So the next thing I thought was : "hey, there's lots of potential, let's incorporate properly". Problems started when the actual implemtation details had to be figured out. The first tough question was : "what is Bitcoin ?", because the answer to that is the prerequisite : to proper accounting, proper tax-payment, and ultimately avoidance of the dreaded rape-cage.

Options were :
  • Bitcoin is currency. That would have made things easy, opening a money-changing business is comparatively easy to the other options,
  • Bitcoin is a commodity. Less easy, that would have meant incorporating as a proper commodity marketplace, which is really hard if you don't have the proper resources,
  • Finally, the conservative and safe option was to treat Bitcoin as a generic virtual good/service. Awesome, that's easy to incorporate for, the blocking point was the Value Added Tax that is due for sales to individuals.

VAT is the keyword, its one of the primary sources of income for the French government, so let me tell you that they take it *seriously*. What would the implications of VAT have been for someone who buys stuff from individuals and immediately sells it to others. It's pretty simple, it's 19.6%.

Practically, that would have meant that users could sell coins for X, and BC would have had to resell the same coins immediately for (X * 1.196). Users would have had to pay an extra 20% in taxes to the French government to buy coins at Bitcoin-Central. Did not happen obviously.

So we're coming to the Hong-Kong thing.

Hong-Kong's legislation has a very interesting property, it has 0% VAT if you do business outside of Hong-Kong: perfect fit!

That basically meant to me that I could incorporate a company in HK that would buy and sell a digital generic good/service free of taxes, without making risky assumptions regarding its legal nature. Opening a bank account in SEPA zone for a Hong-Kong corporation was a headache but ultimately succeeded (the hard part was always explaining Bitcoin Cheesy).

This setup enables BC to do the following thing :
  • Buy Bitcoins,
  • Sell Bitcoins with 0% VAT without making risky legal assumptions,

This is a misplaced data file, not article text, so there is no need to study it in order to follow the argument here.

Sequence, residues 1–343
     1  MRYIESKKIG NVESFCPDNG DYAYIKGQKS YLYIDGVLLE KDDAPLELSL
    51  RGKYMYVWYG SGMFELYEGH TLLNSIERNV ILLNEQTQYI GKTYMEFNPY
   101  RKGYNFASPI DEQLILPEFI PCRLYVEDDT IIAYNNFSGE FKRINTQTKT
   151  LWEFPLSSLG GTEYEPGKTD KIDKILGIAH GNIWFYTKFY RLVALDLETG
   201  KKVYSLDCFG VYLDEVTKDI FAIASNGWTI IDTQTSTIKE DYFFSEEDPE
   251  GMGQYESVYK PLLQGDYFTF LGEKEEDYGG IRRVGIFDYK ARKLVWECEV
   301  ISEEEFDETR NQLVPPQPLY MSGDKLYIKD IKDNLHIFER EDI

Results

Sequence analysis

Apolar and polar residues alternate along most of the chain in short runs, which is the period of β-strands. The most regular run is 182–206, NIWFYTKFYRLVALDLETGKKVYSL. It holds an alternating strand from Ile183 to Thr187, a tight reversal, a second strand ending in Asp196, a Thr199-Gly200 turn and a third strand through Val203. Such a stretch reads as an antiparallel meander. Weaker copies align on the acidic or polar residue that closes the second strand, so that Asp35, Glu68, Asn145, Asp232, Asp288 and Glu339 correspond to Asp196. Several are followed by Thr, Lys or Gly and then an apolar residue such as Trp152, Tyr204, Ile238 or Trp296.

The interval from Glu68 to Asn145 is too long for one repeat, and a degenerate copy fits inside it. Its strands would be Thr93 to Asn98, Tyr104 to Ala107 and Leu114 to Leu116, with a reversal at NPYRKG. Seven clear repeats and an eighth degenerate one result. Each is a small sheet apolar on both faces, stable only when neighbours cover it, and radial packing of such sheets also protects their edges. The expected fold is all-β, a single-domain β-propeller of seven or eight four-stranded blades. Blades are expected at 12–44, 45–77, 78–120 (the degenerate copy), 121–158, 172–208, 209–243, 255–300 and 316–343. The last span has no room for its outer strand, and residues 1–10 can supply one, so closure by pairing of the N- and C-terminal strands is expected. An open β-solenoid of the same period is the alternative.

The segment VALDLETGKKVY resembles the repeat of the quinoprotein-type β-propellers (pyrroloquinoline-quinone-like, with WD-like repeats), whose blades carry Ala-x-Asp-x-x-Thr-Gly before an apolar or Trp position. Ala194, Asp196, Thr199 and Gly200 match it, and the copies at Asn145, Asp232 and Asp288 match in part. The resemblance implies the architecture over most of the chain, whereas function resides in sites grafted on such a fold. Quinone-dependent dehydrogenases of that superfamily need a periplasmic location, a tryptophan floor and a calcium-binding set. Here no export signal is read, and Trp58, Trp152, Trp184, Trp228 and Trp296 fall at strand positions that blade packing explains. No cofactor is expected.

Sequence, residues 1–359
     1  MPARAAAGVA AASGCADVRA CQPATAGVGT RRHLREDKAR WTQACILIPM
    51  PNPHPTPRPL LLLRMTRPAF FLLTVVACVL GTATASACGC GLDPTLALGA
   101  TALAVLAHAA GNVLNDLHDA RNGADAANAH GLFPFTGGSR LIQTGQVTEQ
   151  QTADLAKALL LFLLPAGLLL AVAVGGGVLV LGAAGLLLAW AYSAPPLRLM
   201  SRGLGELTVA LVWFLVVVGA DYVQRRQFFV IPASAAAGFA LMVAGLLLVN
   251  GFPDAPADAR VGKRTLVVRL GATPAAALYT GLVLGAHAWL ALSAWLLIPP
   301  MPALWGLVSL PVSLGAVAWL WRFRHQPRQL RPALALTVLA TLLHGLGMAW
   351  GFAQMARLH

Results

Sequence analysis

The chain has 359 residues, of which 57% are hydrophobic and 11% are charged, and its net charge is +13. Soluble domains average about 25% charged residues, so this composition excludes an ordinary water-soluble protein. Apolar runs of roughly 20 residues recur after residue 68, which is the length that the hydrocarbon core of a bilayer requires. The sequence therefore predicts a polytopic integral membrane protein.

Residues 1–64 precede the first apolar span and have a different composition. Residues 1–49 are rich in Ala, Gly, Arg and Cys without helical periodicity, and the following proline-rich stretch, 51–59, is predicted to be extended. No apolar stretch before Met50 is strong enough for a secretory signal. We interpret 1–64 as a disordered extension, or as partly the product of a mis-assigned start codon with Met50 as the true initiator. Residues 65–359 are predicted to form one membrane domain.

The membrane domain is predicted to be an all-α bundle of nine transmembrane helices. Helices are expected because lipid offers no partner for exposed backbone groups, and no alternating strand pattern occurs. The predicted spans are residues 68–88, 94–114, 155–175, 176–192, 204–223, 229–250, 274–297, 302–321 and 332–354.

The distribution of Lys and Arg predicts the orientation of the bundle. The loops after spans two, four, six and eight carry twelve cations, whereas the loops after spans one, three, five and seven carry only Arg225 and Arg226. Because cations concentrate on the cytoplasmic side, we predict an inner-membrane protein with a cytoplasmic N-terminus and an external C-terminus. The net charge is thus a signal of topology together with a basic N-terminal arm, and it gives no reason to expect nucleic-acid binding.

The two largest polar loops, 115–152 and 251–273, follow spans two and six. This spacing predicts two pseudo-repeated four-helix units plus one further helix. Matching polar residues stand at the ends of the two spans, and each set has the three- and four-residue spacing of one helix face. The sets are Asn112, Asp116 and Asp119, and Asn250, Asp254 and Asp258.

• Provide users with the convenience of a SEPA zone account

The main point here is : it's the most legally conservative, and safe setup I think is possible in Europe. Having less users, pay more to intermediates for a more complicated setup, and take the hard path is OK to me if that's what it takes to do business securely. My peace of mind has no price Smiley

We think being open to users and curious people is a good thing, so if you have further questions, don't hesitate to ask here, or visit us for a cup of coffee Smiley

EhVedadoOAnonimato
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May 03, 2012, 11:45:07 AM
 #25

Thank you davout for your lengthy explanation. Congratulations for everything you've built.

I still have two questions though:
  • Is your SEPA-enabled bank account in Hong Kong jurisdiction, or outside it? If it's in another jurisdiction, doesn't the simple fact of having a bank account there make you vulnerable to this jurisdiction's laws?
  • Does the French government care about where your data actually is? I mean, I know governments that don't give a damn about where your servers are, if you live in their jurisdiction and you're doing some "Internet business" they don't approve, they will get you.
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May 03, 2012, 12:42:42 PM
 #26

Is your SEPA-enabled bank account in Hong Kong jurisdiction, or outside it? If it's in another jurisdiction, doesn't the simple fact of having a bank account there make you vulnerable to this jurisdiction's laws?
The bank is the Rietumu bank, it's located in Latvia. To be honest I don't think that a zero-risk setup exists, if someone tells you something is  zero-risk you should pay even closer attention. If Japan starts frowning upon Bitcoin mtgox is dead. The main risk is if countries start to coordinate and hunt down Bitcoin exchanges one after one, in this case I don't think we'd be the first to fall.